Our key technical innovation is to view backdoors through the lens of multi-task learning, specifically multi-objective optimization.

In conventional multi-task learning (ruder2017overview), the model consists of a common shared base and separate output layers for every task . Each training input is assigned multiple labels , and the model produces outputs .

By contrast, a backdoor attacker aims to train the same model, with a single output layer, for two tasks simultaneously: the main task and the backdoor task . This is challenging in the blind attack scenario. First, the attacker cannot combine the two learning objectives into a single loss function via a fixed linear combination, as in (bagdasaryan2018backdoor), because the coefficients are data- and model-dependent and cannot be determined in advance. Second, the objectives conflict with each other, thus there is no fixed combination that yields an optimal model for both tasks.

Loss computation.  In supervised learning, compares the model’s prediction on a labeled input with the correct label . In a blind attack, the loss for the main task is computed as during the normal training, . Additionally, the attacker’s code synthesizes backdoor inputs and their labels to obtain and computes the loss for the backdoor task : . Intuitively, backdoor inputs and the corresponding losses are synthesized “on the fly,” as explained below.

This approach is different from the data poisoning techniques that add backdoor inputs into the training data either before, or during training. Inspired by multi-task learning (ruder2017overview), we ensure that the backdoor loss is always present in the loss function, helping optimize the model for both the main and backdoor tasks—and simultaneously evade defenses (See Section 6.3).

The overall loss is a linear combination of the main-task loss , backdoor loss , and evasion loss :


Algorithm 1 explains the implementation of . This computation is blind: backdoor transformations and are generic functions, independent of the concrete training data or model weights.

A blind implementation of the adversarial loss function faces two challenges: a too-small set of backdoor training inputs and unknown coefficients . To overcome the first challenge, the synthesizer can oversample from the domain of backdoored inputs to match the size of each batch. To overcome the second challenge, we use multi-objective optimization to discover the optimal coefficients at runtime—see Section 3.3.

Backdoors.  Prior work focused on universal image-classification backdoors, where the backdoor feature is a pixel pattern and all images with this pattern are classified to the same class . To synthesize such a backdoor input during training or at inference time, simply overlays the pattern over input , i.e., . The corresponding label is always , i.e., .

Our approach also supports complex backdoors by allowing a more complex . During training, can assign different labels to different backdoor inputs, enabling input-specific backdoor functionalities and even switching the model to an entirely different task—see Sections 4.2 and 4.3.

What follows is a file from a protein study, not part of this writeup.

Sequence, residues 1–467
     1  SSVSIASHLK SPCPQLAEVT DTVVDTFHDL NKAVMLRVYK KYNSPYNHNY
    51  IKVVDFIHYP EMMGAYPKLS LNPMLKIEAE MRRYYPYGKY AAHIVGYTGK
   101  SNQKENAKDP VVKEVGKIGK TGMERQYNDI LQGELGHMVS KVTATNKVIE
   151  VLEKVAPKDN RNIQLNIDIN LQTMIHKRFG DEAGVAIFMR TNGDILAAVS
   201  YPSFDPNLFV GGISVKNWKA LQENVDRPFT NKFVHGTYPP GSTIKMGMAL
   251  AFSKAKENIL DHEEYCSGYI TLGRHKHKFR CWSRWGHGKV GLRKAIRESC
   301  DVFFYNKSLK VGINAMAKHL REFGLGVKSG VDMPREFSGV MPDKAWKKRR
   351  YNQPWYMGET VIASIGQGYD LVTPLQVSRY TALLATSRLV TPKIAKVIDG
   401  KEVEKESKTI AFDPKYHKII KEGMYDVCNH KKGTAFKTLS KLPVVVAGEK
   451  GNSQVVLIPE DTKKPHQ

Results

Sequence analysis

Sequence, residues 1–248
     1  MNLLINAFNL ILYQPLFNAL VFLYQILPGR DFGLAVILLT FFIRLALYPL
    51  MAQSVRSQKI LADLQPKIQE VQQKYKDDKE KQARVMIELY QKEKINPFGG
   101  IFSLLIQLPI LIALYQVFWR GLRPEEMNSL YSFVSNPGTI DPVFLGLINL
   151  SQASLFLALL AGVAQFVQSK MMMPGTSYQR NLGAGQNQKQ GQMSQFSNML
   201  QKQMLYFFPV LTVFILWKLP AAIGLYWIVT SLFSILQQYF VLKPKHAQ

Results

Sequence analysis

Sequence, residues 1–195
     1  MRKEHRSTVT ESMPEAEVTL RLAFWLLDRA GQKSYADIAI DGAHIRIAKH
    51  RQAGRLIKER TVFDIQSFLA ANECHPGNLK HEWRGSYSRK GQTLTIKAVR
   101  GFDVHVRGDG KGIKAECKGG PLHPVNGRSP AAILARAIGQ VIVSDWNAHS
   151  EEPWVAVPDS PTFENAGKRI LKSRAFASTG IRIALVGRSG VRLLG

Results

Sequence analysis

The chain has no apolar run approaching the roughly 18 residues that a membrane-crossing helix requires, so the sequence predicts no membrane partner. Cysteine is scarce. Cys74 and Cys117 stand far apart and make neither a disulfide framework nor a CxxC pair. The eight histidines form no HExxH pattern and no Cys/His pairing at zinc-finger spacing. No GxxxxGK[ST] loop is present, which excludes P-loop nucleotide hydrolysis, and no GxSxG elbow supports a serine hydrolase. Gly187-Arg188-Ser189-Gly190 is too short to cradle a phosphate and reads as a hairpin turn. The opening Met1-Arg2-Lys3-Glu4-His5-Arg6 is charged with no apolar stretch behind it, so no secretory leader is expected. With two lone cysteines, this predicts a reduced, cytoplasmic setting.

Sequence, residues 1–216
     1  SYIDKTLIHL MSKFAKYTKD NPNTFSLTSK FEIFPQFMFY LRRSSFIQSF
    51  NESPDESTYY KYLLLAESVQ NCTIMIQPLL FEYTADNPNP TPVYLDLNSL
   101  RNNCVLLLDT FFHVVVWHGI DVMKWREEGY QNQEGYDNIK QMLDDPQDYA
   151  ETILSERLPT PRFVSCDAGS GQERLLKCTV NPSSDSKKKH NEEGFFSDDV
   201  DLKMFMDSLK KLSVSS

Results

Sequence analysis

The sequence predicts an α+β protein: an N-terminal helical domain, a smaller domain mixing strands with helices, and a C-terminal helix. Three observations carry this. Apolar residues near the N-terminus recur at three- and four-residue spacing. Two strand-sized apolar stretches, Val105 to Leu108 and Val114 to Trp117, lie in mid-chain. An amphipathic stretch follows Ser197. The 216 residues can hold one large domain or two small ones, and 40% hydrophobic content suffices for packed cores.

In semantic backdoors, the backdoor feature occurs in some inputs in and does not require training- or inference-time modifications of these inputs. If the training set does not already contain a sufficient number of inputs with the backdoor feature, can synthesize backdoor inputs from normal inputs, e.g., by adding the backdoor word to a training sentence. Alternatively, if the loss-computation code has access to some attacker-controlled resource (e.g., a configuration file shipped with the code), can draw training inputs featuring the semantic backdoor from it.

3.3. Learning for conflicting objectives

The main task and the backdoor task (and the evasion task) conflict with each other: the labels that the main task wants to assign to the backdoored inputs are different from the labels assigned by the backdoor task. To optimize a single model for these conflicting tasks, the coefficients of Equation 1 must be set to balance the respective loss terms. When the attacker controls the training (bagdasaryan2018backdoor; tan2019bypassing; yao2019regula), he can pick the coefficients that achieve the best test accuracy for a specific model. A blind attacker cannot do this: he controls the code implementing the loss function but cannot measure the accuracy of models trained using this code, nor change the coefficients after his code has been deployed. If the coefficients are set badly, the model will either not learn the backdoor task, or overfit to it at the expense of the main task. Furthermore, fixed coefficients may not achieve the optimal balance between the conflicting objectives (sener2018multi).

Instead, our attack injects backdoors using Multiple Gradient Descent Algorithm (MGDA) (desideri2012multiple). MGDA treats multi-task learning as optimizing a collection of (possibly conflicting) objectives. For tasks with respective losses , it computes the gradient for each single task and tries to find the best scaling coefficients that minimize the linear sum:


As suggested in (sener2018multi), this optimization can be efficiently done by a Franke-Wolfe-based optimizer (jaggi2013revisiting). This involves a single computation of gradients per loss, reducing performance overhead.